How To Keep Track of Lifers On A Birding Tour

I take the concept of “Lifer” pretty seriously.  As you know, a Lifer is a bird you’ve never observed before and some birders (like me) enjoy knowing how many Lifers I have.  The last lifer I had before going to Panama was a Cackling Goose, which was #1,319.  While preparing for a Birding Tour to Panama I had an expectation that I would get between 200-300 Lifers because our Red Hill Birding guide Adam said we would see that many species there.  Indeed, according to our eBird checklists I saw 281 species in Panama.  In my fuzzy thinking I expected all the birds I would see in Panama to be Lifers but that was not the case; I had previously seen 128 of those species.  I had been to Costa Rica and Honduras several times and saw many of the same birds that we saw in Panama.  Also there were many species in Panama that I’ve seen here in Chicagoland, such as Turkey Vultures, Bay-breasted Warblers, Yellow Warblers, and Broad-winged Hawks (more about those later).

I learned the hard way that keeping track of Lifers on a Birding Tour is no easy job – if you’re honest about it.  All the guides I’ve been with on a Birding Tour use eBird to create checklists each day.  After accepting one of their checklists you soon find out why they are the professional – they see and hear so much more than you do.   I mentioned above, that, according to my eBird checklists I saw 281 species;  those same checklists showed that our guide Adam saw 331 species.  Fifty more than me – how could that be?  Adam is a professional and can see and hear so much more than I can.  Every day he would put on the checklist many species that he heard – and then I would dutifully take them off my list because I hadn’t heard them.  Even if I did hear a noise he identified, I wouldn’t count it as a Lifer.  To hear a sound I don’t recognize and probably wouldn’t recognize again doesn’t meet my criteria for a Lifer.  A quick glimpse of a bird through a scope does meet that threshold if I can see some prominent field marks.  A blur of a bird flying across the path up ahead is probably not enough for a Lifer.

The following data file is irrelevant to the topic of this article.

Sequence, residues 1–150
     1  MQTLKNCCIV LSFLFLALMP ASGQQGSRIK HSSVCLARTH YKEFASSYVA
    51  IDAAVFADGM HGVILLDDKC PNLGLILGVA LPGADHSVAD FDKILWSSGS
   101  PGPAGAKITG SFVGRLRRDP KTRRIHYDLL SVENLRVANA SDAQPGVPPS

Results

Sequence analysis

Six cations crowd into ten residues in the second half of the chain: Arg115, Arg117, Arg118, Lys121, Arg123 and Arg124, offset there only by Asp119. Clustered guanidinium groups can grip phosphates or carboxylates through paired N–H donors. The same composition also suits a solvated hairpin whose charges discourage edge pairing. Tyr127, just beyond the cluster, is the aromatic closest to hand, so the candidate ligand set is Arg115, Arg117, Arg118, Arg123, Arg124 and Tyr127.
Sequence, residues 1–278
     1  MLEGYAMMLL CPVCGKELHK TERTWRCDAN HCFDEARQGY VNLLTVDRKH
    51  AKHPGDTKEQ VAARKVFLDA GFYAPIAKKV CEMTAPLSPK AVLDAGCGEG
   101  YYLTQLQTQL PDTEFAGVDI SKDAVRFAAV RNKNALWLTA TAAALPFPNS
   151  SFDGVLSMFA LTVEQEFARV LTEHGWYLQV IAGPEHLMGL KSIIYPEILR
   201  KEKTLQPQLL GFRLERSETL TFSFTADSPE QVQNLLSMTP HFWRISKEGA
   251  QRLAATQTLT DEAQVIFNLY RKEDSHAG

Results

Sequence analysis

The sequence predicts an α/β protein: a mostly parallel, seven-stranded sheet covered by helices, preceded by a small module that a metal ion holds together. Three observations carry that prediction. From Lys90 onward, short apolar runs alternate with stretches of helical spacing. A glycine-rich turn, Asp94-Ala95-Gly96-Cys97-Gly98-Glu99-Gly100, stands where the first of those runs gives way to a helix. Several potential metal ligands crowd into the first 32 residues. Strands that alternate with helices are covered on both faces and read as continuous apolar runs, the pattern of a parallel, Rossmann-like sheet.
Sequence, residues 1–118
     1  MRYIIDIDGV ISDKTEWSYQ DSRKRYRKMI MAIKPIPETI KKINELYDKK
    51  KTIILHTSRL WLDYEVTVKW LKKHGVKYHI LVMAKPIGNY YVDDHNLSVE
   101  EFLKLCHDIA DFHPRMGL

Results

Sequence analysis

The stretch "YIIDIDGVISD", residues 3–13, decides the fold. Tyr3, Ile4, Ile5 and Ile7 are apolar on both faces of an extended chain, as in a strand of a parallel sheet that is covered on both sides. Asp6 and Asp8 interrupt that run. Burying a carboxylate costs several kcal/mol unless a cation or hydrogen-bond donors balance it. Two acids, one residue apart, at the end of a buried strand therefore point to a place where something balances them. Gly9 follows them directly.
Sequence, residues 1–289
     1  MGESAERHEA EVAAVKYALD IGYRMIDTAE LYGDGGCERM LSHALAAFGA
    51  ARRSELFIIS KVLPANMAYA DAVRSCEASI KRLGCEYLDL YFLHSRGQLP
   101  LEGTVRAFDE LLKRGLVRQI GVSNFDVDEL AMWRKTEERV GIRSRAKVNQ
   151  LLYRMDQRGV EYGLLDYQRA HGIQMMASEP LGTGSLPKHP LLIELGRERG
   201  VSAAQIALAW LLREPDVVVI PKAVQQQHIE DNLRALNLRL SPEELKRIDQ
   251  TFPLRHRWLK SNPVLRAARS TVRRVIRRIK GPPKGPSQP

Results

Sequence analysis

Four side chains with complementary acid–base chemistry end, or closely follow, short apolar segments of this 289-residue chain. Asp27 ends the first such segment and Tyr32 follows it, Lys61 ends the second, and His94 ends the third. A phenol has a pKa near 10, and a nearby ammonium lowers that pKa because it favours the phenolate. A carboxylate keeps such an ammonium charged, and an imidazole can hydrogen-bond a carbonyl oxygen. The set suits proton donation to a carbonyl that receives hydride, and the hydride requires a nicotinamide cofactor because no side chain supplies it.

So how do I know which species to take off the checklists the birding guide shares?  I found out quickly that there was no way I could remember every species I observed just that morning.  I write down every bird I see as soon as I see it.  Here’s a shot of my notes.

At the top of each page I write the date and time.  Each bird identified along the way is scrawled on the page.  Dots represent birds I took a picture of (the updated time helps me match the photo’s time-stamp with the species’ name back home).  After the birding guide sends the checklists I cross-check them with my notes.  If I didn’t write the species down in my notebook I delete it from my checklist.  Of course there’s always the chance that I forget to write down a species, so I wouldn’t get credit for that Lifer.  However I feel this is a more accurate method of recording Lifers (I noticed that many of the other participants on my  Panama birding tour have accepted all the species the guide reported on the checklists, giving them 50 more “Lifers” than I did).

So how many Panama Lifers did I end up with?  153.

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Looks like the bird did the writing!